Pilot whales have also been an important historical food source for many coastal communities around the world. Today, short-finned pilot whales are hunted in a few areas of Japan, mainly along the central Pacific coast, as well as the Lesser Antilles (e.g., St. Vincent and the Grenadines, St. Lucia, Dominica, Martinique), where whales are commercially hunted and the meat is available for human consumption. Long-finned pilot whales have traditionally been hunted in northern communities such as in the Faroe Islands, where whale hunting started at least in the 16th century, and continues into the modern day. Pilot whales’ strong social bonds and herding instincts make them prime candidates for so-called drive fisheries, where they are herded towards shore by boats and then killed in shallow waters. Other hunting methods include hand or crossbow-projected harpooning, and small-type whaling (defined as the use of a cannon mounted on a vessel below a certain size).
As top predators, pilot whales also suffer from the bioaccumulation of contaminants such as heavy metals and organichlorines in their tissues, which can may have serious long-term impacts on health and reproduction, and is a rising concern in cultures that consume pilot whale meat.
In the context of global warming, the ranges of short-finned pilot whales are expected to shift northward in response to warming temperatures, which could eventually lead to increased overlap and potential hybridization with their long-finned cousins. The distribution limit of short-finned pilot whales in the Northeast Atlantic has already shifted 3° latitude in only two decades, and evidence for hybridization is appearing in DNA samples from the Northeast Atlantic. Like many other species, pilot whales are also likely to be affected by changes in prey distribution and abundance, habitat degradation, and other secondary effects of climate change, coupled with human-mediated stressors such as marine traffic and pollution, which could lead to the global decline, or even loss of this species.
The North Sea and Baltic Sea populations of long-finned pilot whales are listed on Appendix II of the Convention on the Conservation of Migratory Species of Wild Animals (CMS), as their status is unfavorable and could benefit significantly from international co-operation. Both species are covered by the Agreement on the Conservation of Small Cetaceans of the Baltic, North East Atlantic, Irish and North Seas (ASCOBANS), the Agreement on the Conservation of Cetaceans in the Black Sea, Mediterranean Sea and Contiguous Atlantic Area (ACCOBAMS), the Memorandum of Understanding for the Conservation of Cetaceans and Their Habitats in the Pacific Islands Region (Pacific Cetaceans MoU), and the Memorandum of Understanding Concerning the Conservation of the Manatee and Small Cetaceans of Western Africa and Macaronesia (Western African Aquatic Mammals MoU).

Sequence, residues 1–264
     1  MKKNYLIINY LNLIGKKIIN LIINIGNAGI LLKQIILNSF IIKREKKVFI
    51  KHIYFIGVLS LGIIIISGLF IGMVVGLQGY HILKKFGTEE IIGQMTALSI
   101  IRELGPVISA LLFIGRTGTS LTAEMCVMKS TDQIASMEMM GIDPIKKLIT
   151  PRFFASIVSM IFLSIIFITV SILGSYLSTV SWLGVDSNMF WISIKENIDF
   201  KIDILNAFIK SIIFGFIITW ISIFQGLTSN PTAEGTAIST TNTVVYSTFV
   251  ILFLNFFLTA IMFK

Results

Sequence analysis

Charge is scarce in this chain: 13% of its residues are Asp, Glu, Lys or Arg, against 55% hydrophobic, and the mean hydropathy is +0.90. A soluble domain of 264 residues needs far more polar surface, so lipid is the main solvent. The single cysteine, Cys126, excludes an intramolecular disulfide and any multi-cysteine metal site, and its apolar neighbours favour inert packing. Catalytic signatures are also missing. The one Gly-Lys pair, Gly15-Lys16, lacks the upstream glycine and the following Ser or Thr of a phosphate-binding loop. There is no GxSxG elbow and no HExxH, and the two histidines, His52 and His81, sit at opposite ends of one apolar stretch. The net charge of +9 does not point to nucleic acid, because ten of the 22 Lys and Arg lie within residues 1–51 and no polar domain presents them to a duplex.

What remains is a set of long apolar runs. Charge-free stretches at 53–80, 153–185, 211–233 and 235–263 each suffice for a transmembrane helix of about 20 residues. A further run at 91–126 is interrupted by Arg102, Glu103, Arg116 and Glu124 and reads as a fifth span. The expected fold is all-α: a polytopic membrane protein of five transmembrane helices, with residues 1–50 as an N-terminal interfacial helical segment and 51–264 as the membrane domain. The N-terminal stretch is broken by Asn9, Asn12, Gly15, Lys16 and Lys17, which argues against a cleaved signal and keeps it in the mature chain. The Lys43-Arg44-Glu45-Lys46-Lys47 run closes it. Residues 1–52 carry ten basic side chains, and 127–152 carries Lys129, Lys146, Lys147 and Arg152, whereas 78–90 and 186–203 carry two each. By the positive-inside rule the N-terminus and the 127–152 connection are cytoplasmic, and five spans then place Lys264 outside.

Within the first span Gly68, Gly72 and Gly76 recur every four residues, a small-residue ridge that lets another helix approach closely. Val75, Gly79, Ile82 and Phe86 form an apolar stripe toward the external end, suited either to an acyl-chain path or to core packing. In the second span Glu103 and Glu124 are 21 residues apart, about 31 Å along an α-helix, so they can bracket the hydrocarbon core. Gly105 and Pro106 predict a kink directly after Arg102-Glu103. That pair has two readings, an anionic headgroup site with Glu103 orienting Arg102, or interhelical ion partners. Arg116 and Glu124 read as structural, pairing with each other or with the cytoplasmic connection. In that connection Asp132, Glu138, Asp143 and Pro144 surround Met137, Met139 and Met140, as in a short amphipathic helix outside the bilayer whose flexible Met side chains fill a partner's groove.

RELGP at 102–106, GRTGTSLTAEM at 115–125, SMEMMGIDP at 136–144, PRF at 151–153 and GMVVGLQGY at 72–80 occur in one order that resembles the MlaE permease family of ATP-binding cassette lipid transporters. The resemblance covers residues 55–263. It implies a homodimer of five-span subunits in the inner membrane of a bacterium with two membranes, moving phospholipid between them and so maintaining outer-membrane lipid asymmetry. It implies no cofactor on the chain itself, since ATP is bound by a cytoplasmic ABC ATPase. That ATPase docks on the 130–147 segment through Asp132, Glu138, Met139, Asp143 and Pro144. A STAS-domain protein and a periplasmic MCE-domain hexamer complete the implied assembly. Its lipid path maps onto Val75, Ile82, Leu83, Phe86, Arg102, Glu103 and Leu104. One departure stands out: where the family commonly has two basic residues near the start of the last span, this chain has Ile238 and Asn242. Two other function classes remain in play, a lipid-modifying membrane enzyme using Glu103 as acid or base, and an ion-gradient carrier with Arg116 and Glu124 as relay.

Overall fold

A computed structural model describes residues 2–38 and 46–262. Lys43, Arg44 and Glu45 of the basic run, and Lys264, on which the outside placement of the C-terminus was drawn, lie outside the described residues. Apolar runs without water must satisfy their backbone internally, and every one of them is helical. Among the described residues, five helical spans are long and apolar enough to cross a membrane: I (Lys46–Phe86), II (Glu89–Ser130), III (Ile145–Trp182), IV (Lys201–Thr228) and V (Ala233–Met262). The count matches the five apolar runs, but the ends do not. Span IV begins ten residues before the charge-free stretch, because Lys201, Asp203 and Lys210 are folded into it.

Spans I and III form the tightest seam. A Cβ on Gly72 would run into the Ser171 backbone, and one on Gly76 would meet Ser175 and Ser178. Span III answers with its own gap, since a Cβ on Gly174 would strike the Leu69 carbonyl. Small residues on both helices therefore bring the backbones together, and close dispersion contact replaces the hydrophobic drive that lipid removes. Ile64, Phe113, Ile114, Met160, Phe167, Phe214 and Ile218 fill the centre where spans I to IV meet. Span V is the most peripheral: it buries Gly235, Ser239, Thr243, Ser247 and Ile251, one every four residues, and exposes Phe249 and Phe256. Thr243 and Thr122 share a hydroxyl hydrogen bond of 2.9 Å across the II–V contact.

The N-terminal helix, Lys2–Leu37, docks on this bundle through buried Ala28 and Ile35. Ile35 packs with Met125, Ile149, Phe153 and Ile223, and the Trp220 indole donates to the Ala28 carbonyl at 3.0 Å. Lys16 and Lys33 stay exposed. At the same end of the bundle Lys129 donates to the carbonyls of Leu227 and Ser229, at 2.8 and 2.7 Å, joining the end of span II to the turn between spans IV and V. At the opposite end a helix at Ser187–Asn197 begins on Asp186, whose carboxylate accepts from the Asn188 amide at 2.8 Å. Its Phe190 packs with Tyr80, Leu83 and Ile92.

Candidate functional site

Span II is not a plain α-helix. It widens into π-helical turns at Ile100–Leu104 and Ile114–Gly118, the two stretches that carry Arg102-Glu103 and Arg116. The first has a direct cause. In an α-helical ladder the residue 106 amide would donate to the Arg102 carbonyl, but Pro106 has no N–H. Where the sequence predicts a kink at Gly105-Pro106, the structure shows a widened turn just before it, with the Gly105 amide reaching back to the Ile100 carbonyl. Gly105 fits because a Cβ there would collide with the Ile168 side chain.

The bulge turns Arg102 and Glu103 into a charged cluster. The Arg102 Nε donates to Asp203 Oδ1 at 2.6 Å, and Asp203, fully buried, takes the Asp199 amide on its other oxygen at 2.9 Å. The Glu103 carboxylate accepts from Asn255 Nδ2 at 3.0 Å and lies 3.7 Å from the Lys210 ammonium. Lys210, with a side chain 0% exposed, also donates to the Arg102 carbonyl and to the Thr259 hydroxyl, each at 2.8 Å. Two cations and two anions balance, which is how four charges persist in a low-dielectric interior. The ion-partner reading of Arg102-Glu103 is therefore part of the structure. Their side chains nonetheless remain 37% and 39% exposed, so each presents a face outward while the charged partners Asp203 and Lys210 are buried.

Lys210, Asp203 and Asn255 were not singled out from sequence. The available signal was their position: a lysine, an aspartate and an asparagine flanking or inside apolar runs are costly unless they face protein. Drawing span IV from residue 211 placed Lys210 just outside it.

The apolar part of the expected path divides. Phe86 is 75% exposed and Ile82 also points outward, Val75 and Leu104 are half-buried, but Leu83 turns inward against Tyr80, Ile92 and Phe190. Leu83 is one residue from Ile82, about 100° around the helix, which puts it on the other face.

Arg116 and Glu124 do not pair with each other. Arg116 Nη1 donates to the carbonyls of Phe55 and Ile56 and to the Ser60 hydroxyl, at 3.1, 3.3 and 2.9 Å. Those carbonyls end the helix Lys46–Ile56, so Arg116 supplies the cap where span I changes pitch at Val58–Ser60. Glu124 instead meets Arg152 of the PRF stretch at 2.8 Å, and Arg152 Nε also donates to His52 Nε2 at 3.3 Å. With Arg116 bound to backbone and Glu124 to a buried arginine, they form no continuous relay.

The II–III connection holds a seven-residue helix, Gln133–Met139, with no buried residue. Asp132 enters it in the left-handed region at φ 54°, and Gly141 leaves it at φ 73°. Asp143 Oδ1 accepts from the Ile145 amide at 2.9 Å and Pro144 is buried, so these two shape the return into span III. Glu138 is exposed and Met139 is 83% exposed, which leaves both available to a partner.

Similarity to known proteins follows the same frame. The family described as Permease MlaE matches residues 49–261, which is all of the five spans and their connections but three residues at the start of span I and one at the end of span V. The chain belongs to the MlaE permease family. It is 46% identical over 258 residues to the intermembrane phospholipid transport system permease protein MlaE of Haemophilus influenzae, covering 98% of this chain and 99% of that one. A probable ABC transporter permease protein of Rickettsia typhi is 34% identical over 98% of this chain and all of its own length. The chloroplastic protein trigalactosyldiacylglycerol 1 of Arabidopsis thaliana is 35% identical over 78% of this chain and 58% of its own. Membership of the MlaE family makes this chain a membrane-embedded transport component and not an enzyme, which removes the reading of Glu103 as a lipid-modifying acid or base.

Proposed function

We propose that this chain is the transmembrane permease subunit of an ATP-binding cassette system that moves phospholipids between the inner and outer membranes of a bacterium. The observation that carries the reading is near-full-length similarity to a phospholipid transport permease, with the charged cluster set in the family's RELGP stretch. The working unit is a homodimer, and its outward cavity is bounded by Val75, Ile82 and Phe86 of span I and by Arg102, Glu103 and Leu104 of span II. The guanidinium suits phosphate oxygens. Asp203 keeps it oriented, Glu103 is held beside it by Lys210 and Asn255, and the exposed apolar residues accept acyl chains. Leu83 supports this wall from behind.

However, the IUCN lists both species of pilot whales as “Data Deficient” in the Red List of Threatened Species. Given the lack of population abundance estimates and trends over time, it is difficult to assess how the species as a whole are doing, and to identify areas where conservation efforts are most needed. Short-finned pilot whales are listed on Appendix II of the Convention on International Trade in Endangered Species (CITES), but unlike long-finned pilot whales they do not appear on either appendix of the Convention on Migratory Species. More research is needed to determine population trends and assess the impact of potential threats.
The Cape Breton Pilot Whale Project (CBPWP), founded in 1998 by members of the Whitehead Lab from Dalhousie University, is the world’s longest running study focused on this species! The research focuses on the social lives and vocalizations of long-finned pilot whales found off the northwestern coast of Cape Breton Island, Nova Scotia. I was fortunate enough to work for the CBPWP during my final year of undergraduate studies at Dal, and have forever fallen in love with these derpy but charismatic whales, and with the beautiful Cape Breton Island 💙